Monday, March 20, 2017

McCain Republicans were Literally Hitler before Trump was Literally Hitler.

Back in 2008, CNN host D.L. Hughley was positioning the Republicans who nominated Current Model of Bipartisanship John McCain as the Literally Hitler of the moment.

//CNN host D.L. Hughley turned to the standard left-wing tactic of playing the Nazi card against Republicans on his program on Saturday evening: “The tenets of the Republican Party are amazing and they seem warm and welcome. But when I watch it be applied -- like you didn’t have to go much further than the Republican National Convention....It literally look[s] like Nazi Germany.” He went on to say that blacks weren’t welcome in the party: “It just does not seem -- like not only are we not welcome -- not only are we not welcome, but they don’t even care what we think.” He later described the GOP as “reactionary.” [audio available here]

The stand-up comedian-turned-TV host made the remark during a segment with Republican National Committee Chairman Michael Steele and Chuck D, a former member of the hip-hop group Public Enemy. Unfortunately, Steele did not verbally react to Hughley’s Nazi characterization. Chuck D, on the other hand, expressed his agreement with the host about blacks supposedly not being welcome in the Republican Party: “I covered the Republican convention in ‘96 for MTV...and -- seriously, their agenda was totally somewhere else, which totally -- you know, didn’t have black people or people of color in mind.” He then expressed his belief that there should be more major parties in the U.S.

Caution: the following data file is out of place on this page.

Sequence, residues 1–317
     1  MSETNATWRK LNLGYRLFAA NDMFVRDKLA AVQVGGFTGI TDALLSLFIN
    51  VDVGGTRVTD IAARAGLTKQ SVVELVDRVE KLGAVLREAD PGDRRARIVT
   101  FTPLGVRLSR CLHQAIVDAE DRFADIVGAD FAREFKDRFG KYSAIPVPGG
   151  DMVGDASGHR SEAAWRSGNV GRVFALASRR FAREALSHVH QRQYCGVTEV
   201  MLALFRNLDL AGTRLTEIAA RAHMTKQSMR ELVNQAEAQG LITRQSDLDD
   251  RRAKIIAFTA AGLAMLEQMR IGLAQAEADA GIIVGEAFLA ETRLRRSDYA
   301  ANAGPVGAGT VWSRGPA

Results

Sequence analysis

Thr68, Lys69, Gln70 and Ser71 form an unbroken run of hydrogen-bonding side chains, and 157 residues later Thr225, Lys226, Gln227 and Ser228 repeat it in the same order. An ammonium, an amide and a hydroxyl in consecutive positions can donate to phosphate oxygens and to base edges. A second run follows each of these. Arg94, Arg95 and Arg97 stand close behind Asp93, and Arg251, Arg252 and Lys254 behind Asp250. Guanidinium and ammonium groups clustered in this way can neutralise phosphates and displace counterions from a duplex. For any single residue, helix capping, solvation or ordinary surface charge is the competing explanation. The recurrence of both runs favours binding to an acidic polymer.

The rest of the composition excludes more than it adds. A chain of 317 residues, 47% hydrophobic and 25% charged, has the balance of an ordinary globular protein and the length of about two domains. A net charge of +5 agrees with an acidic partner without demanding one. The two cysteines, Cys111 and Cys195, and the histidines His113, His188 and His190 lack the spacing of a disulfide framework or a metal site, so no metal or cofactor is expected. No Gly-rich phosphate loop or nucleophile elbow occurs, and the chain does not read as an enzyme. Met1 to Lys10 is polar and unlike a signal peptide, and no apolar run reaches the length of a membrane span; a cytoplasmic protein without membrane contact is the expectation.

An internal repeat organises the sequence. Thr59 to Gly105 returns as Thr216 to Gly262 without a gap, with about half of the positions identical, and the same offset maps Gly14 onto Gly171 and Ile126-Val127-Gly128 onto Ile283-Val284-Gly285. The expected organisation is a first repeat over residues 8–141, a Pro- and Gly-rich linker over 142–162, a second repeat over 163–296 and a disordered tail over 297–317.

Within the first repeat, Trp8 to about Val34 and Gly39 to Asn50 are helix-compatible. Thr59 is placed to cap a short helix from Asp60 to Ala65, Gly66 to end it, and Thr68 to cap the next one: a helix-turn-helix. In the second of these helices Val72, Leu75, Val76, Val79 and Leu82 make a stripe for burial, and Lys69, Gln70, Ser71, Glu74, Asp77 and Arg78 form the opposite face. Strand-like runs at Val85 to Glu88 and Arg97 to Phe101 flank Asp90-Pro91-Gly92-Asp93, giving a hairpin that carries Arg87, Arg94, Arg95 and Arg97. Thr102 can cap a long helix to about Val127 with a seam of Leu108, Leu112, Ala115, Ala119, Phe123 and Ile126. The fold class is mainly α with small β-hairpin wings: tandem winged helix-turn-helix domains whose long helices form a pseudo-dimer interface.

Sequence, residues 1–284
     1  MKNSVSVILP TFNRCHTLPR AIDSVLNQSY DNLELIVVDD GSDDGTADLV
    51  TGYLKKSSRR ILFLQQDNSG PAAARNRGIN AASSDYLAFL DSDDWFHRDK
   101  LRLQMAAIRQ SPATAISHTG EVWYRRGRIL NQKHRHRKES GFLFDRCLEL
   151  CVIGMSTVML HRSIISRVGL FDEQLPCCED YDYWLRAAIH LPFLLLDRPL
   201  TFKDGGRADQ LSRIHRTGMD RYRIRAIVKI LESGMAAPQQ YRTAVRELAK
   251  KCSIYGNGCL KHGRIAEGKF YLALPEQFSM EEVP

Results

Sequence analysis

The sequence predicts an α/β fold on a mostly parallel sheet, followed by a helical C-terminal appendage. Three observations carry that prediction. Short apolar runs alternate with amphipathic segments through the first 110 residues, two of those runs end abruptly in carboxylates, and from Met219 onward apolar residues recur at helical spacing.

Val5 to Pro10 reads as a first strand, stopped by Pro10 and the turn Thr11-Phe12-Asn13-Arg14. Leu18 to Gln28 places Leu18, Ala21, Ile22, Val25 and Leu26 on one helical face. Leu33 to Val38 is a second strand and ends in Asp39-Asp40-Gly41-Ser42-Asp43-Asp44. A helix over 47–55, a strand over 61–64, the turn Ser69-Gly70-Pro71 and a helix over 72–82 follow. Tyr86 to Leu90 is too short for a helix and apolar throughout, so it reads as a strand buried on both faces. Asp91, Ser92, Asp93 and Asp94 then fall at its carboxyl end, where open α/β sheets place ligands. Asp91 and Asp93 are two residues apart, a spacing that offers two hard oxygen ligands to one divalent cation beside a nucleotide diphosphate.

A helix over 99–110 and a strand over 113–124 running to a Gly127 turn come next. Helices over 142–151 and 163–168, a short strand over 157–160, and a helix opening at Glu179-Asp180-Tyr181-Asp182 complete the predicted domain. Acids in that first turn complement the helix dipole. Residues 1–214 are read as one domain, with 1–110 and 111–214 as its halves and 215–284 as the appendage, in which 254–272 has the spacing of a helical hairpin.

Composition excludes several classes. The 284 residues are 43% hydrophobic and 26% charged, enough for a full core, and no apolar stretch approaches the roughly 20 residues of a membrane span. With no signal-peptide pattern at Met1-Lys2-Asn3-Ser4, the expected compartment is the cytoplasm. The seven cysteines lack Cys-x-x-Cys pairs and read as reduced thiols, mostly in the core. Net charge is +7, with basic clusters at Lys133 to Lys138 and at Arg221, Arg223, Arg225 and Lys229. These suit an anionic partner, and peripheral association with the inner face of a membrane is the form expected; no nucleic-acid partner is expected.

The CNN host then returned to characterizing the GOP: “A lot of the things I see Republicans do specifically are reactionary. They’ll go, you know what -- oh, they don't like Hillary? Let’s give them Sarah Palin. They voted for Obama. Let's give them Michael Steele, and the other guy who will not show who he is yet. And so, it is always so -- it is so plastic, that you go, wow, is this what they think?...That’s what seems so off-kilter to me.”//

A difference between that and the "go to Paris" comment is, obviously, that the comparison was not meant to be funny and it was not even a comparison since, according to Hughley, it "literally looks like Nazi Germany."


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